Sunday, 30 September 2012

Review - Duet for a Schizophrenic - Little Theatre of the Gray Goose & Adhere and Deny @ Ace Art

An interesting and strange little play, Duet for a Schizophrenic is Chris Johnson's foray into double and triple worlds. A place where people pretend to be people pretending to be other people, and popuulate the dream you dream i dream you dream i dream. How's that for a mouthful?

The quick and clever word play as He (Graham Ashmore) and She (Erin McGrath) weave between various characters was very enjoyable, and began the piece at a nice pace. There were times, particularly in the second act, where the pace needed some variation - I was urging with my mind for things to delve a bit deeper at this point. The piece really hit its stride, however, in a scene with the actors, preparing for a play within a play (within a play....and more). The beautiful timing of this bit made me wish the whole play was like this.

Each act was interspersed with musical interludes of He and She singing their feelings to one another. This I had some trouble with, as the lyrics weren't always comprehensible over the loud (but excellent) band. These bits also made use of large marionettes of the two actors, which were very fun.

Some clever references to Pirandello, for those who are very familiar with his work were great, however I worry that some of the truly clever humour would have been lost without this background. In a way, I wonder whether the piece would have been enjoyable to an audience not steeped in theatrical history and information.

Sunday, 23 September 2012

Girls! Girls! Girls! - A fundraiser for the Gas Station Arts Centre

I learned this week that Autel, a performance installation I created while at RADA has been selected for an exhibition in Winnipeg! The Exhibition will open at the Gas Station Arts Centre on  21 October, coinciding with the Gala event Girls! Girls! Girls! - a cabaret evening showcasing female performers. The exhibition will run for a further 3 weeks in the lobby gallery of the Arts Centre.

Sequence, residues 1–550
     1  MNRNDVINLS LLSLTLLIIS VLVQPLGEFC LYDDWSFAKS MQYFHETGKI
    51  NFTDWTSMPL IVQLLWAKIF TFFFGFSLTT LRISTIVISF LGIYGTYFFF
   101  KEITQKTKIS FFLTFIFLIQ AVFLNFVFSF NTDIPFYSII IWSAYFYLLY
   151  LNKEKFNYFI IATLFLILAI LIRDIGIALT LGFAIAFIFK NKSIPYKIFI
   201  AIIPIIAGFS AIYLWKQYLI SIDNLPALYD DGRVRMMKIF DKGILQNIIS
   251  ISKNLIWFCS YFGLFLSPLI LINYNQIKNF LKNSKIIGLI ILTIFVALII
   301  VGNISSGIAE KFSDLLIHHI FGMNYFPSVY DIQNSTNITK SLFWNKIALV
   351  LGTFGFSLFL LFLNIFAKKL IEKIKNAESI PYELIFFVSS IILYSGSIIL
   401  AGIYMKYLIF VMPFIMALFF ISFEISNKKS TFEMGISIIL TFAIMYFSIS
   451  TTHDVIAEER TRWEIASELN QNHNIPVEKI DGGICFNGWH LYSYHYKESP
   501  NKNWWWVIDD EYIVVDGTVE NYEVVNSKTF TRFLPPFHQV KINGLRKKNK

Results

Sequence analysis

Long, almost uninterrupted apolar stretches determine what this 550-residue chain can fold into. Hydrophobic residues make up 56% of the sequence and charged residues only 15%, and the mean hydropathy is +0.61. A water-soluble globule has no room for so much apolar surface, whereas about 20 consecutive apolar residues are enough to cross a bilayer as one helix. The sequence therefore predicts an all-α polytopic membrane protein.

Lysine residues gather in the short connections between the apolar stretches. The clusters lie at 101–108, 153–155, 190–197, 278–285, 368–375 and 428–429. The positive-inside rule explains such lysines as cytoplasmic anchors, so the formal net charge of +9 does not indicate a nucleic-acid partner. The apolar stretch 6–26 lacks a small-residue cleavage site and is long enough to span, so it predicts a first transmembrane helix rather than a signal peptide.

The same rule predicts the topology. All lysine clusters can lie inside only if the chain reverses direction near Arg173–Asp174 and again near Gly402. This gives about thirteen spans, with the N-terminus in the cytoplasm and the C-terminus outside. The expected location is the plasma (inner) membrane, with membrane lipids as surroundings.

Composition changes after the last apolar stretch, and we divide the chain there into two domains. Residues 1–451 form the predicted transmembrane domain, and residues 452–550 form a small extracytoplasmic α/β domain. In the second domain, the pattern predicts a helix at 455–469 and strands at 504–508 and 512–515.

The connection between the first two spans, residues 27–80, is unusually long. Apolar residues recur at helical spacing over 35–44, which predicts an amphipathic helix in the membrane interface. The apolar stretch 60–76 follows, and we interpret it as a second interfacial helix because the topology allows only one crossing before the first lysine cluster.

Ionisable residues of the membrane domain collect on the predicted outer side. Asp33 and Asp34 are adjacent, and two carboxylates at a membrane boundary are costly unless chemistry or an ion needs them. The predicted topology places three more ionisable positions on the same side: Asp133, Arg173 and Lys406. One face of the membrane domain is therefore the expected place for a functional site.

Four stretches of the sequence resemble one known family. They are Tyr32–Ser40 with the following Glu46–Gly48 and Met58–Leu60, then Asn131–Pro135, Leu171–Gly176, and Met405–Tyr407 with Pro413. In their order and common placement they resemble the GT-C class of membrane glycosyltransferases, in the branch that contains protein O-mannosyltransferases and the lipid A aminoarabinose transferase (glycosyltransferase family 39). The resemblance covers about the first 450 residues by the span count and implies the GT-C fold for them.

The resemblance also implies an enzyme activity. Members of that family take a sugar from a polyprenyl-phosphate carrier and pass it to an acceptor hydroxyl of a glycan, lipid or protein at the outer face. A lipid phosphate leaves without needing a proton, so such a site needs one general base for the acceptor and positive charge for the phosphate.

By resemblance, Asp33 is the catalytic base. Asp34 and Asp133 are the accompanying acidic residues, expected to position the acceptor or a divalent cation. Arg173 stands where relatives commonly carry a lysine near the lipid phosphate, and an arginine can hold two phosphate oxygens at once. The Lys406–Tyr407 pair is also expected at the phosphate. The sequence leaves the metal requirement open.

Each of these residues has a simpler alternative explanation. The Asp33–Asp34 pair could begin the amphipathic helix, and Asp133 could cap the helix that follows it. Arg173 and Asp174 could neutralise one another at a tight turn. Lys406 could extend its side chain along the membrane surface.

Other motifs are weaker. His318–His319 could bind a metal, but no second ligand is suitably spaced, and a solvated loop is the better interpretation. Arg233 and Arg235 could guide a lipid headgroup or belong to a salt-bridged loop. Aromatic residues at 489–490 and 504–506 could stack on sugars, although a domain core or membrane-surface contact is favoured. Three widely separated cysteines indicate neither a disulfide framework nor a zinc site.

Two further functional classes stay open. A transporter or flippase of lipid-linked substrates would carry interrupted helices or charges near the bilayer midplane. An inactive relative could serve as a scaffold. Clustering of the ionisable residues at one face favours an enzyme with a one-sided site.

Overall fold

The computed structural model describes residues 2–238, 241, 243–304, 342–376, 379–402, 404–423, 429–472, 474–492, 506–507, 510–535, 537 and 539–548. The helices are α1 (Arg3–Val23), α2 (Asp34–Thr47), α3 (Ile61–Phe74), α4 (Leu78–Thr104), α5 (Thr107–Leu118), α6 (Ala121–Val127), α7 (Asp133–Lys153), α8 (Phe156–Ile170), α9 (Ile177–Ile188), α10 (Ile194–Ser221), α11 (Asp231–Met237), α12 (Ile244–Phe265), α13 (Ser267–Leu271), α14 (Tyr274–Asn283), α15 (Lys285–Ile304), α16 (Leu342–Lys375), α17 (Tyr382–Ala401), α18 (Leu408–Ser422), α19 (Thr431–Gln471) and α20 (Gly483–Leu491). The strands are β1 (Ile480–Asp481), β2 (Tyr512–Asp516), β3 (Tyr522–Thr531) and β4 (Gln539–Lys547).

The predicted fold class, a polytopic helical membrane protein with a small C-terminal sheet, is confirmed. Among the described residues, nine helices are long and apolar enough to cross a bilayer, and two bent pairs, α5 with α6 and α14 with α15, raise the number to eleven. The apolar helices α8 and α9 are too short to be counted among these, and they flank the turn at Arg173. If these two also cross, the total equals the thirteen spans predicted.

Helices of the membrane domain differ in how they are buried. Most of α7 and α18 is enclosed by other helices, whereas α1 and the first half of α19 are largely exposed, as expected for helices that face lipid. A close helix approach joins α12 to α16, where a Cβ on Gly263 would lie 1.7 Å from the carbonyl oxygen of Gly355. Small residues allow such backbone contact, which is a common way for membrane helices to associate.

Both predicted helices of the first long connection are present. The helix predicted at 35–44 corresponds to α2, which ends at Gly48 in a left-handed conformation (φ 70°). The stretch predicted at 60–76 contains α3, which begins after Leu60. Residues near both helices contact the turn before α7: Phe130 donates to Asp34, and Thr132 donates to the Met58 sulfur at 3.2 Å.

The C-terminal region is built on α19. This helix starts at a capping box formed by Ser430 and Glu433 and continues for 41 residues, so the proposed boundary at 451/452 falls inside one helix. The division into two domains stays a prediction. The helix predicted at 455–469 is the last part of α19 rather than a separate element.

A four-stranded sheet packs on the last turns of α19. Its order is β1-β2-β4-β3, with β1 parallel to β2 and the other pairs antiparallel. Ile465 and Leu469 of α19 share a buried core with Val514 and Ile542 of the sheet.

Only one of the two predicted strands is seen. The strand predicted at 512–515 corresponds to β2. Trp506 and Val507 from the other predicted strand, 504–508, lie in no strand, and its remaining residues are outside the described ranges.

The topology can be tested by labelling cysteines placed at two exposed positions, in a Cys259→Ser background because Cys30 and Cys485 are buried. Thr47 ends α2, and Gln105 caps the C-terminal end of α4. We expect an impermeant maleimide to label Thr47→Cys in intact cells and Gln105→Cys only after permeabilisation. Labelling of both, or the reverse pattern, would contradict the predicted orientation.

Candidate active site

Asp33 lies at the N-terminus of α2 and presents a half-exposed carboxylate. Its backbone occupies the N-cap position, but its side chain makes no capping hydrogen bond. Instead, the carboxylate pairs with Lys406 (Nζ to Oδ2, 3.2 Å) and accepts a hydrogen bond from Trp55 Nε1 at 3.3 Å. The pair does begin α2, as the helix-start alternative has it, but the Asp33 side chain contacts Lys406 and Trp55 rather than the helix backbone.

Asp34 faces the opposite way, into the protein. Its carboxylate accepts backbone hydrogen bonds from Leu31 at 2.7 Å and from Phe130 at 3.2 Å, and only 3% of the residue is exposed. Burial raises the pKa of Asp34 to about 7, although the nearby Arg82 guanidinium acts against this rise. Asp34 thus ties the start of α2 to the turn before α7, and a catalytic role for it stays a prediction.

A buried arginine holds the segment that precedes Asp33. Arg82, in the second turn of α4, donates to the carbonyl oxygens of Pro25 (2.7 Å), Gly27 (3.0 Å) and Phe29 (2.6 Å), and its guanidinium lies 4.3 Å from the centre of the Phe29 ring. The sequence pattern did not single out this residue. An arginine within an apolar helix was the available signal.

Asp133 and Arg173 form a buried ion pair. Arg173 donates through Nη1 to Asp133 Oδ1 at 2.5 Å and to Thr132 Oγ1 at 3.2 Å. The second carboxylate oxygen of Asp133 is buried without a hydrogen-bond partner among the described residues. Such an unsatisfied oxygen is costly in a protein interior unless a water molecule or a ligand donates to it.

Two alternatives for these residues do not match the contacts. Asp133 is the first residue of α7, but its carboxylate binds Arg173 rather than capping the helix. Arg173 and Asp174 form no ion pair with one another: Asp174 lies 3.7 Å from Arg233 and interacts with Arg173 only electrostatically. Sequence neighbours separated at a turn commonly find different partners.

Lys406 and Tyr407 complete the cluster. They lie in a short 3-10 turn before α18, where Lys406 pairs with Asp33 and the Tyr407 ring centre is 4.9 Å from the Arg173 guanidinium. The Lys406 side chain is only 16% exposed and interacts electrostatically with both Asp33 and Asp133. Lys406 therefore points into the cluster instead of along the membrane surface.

Autel is an exciting piece for me - it is among my first explorations into the relationship between live experience and recorded audio, aiming to merge the two making the audience aware of the way they are experiencing art as they are experiencing it. It uses recorded audio to guide the viewer to relate to the text, and also to the other works of art and individuals around them. The piece was inspired by and created from play texts written by Jean Genet, and theoretical texts by Antonin Artaud. 

I am extremely grateful to the organizers for selecting my piece for this year's exhibition, and look forward to seeing the other pieces, as well as the cabaret performance on the 21st. I will post information on tickets for the Gala as it becomes available. The Exhibition is free to view during opening hours at the Gas Station Arts Centre. 

Thursday, 20 September 2012

Review - Sonofabitch Stew @ FemFest 2012

This one-woman show tells the story of a Womens' Studies' tutor forced into retirement after her wild-west antics inspired by the life of Calamity Jane embarass the department for one last time. Jane regales the audience with her tales, and after a few minutes we learn that the audience have been given the role of her students at her penultimate lecture. Jane goes on to talk of her career, flashing into moments of Calamity herself. The show progresses back and forth, paralleling the professor's life with that of the Western Female archetype as we hear of her rise to infamy and her ultimiate demise resulting from the very acts which made her famous.

The script itself is intriguing as it twists these two lives together, playing on ideas about what femininity and ultimately feminism are made up of. I did find that the stylistic traits of the language between the two characters was not as distinct as it could have been; this, muddied the ability to distinguish which character was being inhabited at each moment. Ultimately I would have appreciated a clearer distinction between the two, as it would have defined the parallel more clearly. Without this, the two characters spun together a bit too much and made the piece difficult to follow at times.
Overall this was a nice, enjoyable script and one I would love to see further work on.

Sunday, 16 September 2012

FemFest 2012 Begins!